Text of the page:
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Nathaniel Finestone
I'm bigger than almost everyone

Millenial Media Moguls: Doing the convention circuit like a pro with Barabara Dunkelman

I love Cons.

Awesome Con, like all the rests, sparks fervor among it’s attendees like any other, to the point where it seemed as if most of the neighborhood had been taken over by costumed characters of every description.

Having been to so many I can say authoritatively, these types of cons are usually about 90% similar to each, which is something I enjoy, but awesome con turned up the awesome in a myriad of ways. Near the front of the convention center there two huge areas for gaming, one for table top and one with video games of all types set up for fans to enjoy. The show floor was as replete with comics and other memorabilia as any I’ve seen with some extra guests as well. Booths set up by NASA, National geographic and the CIA rubbed up against those giving out 5-hour energy bottles and trying to sign up guests to a Dungeon and Dragons themed bed and breakfast.

However a special highlight for me was that as part of my Awesome Con coverage I was lucky enough to get a chance to chat with the ever effervescent Barbara Dunkelman of Rooster teeth productions. Rooster teeth is a web video and community website which boasts the longest running web series of all time: Red vs Blue. Started back in 2003 in founder Burnie Burns’s living room, over the last decade and a half Rooster teeth has grown into a behemoth of web video production with hundreds of employees working on tons of different projects across tons of genres.

Barbara Dunkelman

An Ottawa native, Dunkelman moved to sunny Austin Texas back in 2011 to work as Rooster Teeth’s community manager and has since risen to be their Director of Social and Community marketing as well as on camera talent and voice actress a role which she’ll admit keeps her plenty busy “…but in a good way”. As one of the stars of one Rooster teeth’s biggest shows, an anime called RWBY, she travels across the country going to fan conventions such as Awesome Con as well as being involved in the planning for Rooster teeth’s own annual Con, RTX, which she believes is an integral part of building an online community, a topic which we discussed over the phone prior to the convention.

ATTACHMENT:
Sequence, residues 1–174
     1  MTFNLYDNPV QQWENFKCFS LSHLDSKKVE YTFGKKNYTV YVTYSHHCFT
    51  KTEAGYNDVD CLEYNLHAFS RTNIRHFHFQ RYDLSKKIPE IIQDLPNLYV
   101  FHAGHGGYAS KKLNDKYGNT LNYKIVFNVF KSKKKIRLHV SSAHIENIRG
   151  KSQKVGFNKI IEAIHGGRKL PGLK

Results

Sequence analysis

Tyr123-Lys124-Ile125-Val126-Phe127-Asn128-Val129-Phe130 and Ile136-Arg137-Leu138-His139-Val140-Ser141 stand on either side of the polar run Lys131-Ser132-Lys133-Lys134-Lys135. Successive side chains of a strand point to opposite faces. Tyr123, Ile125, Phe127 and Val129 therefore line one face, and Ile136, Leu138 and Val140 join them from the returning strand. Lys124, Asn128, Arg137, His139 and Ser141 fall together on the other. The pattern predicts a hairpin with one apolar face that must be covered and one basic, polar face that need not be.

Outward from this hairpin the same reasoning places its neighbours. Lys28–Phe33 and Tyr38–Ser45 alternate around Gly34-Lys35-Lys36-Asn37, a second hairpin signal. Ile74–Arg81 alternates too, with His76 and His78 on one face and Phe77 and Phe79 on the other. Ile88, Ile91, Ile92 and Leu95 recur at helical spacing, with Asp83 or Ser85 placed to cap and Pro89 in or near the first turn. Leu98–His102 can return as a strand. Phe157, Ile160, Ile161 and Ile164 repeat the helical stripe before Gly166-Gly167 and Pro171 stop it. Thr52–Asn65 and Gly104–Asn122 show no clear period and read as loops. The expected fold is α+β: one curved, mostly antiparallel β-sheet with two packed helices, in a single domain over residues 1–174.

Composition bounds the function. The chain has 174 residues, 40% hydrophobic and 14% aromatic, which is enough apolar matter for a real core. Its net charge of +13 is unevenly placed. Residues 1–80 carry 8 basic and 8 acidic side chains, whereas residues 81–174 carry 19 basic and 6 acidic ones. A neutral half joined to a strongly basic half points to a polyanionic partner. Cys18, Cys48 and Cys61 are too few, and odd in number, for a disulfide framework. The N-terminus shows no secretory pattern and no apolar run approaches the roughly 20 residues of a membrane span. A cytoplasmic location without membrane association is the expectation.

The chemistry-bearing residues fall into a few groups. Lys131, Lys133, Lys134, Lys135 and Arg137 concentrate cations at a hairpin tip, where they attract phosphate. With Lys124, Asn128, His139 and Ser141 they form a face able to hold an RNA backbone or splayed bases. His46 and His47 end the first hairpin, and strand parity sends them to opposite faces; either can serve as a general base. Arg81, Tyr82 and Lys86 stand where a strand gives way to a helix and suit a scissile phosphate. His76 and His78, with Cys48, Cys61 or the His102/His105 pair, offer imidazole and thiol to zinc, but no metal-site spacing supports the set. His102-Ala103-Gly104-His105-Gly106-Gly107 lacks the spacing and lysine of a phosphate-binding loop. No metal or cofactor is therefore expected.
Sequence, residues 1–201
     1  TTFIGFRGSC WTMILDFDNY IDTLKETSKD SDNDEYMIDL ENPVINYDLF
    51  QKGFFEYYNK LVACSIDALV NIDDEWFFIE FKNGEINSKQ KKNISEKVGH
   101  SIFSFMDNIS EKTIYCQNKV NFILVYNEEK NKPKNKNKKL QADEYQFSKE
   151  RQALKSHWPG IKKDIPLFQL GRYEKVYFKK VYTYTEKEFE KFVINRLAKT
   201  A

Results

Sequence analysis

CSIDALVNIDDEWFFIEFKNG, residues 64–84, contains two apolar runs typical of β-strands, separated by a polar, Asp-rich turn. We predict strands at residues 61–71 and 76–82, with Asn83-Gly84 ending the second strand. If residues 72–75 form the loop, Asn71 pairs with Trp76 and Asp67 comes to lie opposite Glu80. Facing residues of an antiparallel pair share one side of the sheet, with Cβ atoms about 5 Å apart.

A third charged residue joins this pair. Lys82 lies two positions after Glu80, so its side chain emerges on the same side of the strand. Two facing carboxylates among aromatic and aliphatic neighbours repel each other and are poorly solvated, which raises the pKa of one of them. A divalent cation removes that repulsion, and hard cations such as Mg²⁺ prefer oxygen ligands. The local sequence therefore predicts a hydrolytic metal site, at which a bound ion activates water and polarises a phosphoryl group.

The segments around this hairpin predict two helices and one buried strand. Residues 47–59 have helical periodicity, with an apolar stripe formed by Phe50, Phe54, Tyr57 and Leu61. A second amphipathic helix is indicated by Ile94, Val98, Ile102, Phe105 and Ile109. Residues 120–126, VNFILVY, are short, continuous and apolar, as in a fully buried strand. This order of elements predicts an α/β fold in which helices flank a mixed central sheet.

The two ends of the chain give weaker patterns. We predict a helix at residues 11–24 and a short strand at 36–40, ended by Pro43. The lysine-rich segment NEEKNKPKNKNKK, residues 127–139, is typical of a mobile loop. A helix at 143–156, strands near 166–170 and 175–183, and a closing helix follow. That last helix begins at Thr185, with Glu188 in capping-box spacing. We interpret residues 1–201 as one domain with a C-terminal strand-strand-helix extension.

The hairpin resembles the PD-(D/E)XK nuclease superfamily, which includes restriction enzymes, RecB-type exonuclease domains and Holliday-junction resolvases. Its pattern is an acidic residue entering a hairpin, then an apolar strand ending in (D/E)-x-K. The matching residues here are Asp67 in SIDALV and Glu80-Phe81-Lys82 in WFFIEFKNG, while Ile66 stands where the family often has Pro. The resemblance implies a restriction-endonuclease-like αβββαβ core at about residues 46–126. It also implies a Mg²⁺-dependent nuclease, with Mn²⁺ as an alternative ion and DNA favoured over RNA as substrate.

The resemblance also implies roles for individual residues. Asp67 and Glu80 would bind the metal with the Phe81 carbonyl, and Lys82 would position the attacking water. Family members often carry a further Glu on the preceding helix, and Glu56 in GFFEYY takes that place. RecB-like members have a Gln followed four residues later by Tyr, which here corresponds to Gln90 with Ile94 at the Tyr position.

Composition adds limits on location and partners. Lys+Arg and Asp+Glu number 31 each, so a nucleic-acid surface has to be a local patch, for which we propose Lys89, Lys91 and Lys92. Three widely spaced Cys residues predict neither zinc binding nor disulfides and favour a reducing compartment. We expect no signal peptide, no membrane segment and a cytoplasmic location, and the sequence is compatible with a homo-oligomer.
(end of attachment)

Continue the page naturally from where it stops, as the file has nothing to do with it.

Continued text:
Nathaniel Finestone: Where do you see the role of conventions as part of your wider strategy of building an online fan base?

Barbara Dunkelman: I think doing the in person stuff and having our convention (RTX) is critical to growing an online fan base just because it’s those in person interactions that make our community so strong and the people making the show interacting with the people watching the show is what makes it so special. Meeting people and going to conventions is something we’re going to be doing for a very long time

NF: How many conventions do you personally go to per year?

BD: It varies but usually 1-2 per month so it’ll come out to between 12 and 30 a year depending.

NF: What do you find are the major differences between how certain conventions are run and how does that translate into what you are looking for when attending?

BD: Well obviously some are more specialized and will focus more on anime, or video games, others like Comicon are broader and for the ‘every fan’ if you will. Some are on the smaller side with only 2-5 thousand attendees which have a certain feel since those people go every year and know the people organizing it and those create very tight nit groups which we love participating in.

NF: So when Rooster teeth started it’s own convention back in 2011, was there a specific convention vibe or feeling they were looking to emulate?

BD: RTX started because of all the fan events that had been happening all over the world, I was involved in one up in Canada that’s been running since 2005. So they wanted to just have their own big fan meet up, the first one was only 600 people and has grown to be more inclusive of people who aren’t just Rooster teeth fans but people who are into video games and other Youtubers and people from across the industry and other community members but at its core it is still about fans of Rooster Teeth and people who love Rooster Teeth even if it’s more than just that.

NF: So if someone is just starting out with their production, whether it be video or something else do you think they should try and reach a critical mass first before branching out into the real world like Rooster Teeth did?